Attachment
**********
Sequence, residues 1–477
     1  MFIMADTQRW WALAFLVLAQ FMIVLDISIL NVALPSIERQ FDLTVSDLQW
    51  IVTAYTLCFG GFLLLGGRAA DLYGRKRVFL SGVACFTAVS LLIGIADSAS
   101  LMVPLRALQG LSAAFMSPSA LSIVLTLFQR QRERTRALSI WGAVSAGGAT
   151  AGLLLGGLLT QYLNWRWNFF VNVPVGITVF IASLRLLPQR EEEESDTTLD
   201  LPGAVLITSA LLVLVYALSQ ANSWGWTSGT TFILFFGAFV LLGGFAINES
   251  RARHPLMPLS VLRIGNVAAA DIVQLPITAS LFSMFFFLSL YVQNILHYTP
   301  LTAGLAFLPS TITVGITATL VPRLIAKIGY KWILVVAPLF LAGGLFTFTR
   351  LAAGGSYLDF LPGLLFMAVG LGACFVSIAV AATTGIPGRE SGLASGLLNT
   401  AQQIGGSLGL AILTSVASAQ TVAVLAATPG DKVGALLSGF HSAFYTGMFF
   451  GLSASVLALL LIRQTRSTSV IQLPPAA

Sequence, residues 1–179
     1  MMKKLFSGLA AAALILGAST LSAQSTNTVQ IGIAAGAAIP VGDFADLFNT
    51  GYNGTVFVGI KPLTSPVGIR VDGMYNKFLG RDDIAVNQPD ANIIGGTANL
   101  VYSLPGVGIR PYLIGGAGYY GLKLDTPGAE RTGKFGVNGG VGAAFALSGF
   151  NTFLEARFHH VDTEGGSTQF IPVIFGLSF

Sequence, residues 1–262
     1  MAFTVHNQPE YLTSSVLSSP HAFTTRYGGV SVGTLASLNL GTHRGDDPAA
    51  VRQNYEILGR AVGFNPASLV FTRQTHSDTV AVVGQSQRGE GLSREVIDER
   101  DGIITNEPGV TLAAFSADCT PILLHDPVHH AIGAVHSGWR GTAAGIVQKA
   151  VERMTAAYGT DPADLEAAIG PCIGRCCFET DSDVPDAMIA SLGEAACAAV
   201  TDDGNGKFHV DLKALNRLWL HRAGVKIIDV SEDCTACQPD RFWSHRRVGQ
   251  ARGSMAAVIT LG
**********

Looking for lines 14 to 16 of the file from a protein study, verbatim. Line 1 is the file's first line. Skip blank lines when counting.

    51  GYNGTVFVGI KPLTSPVGIR VDGMYNKFLG RDDIAVNQPD ANIIGGTANL
   101  VYSLPGVGIR PYLIGGAGYY GLKLDTPGAE RTGKFGVNGG VGAAFALSGF
   151  NTFLEARFHH VDTEGGSTQF IPVIFGLSF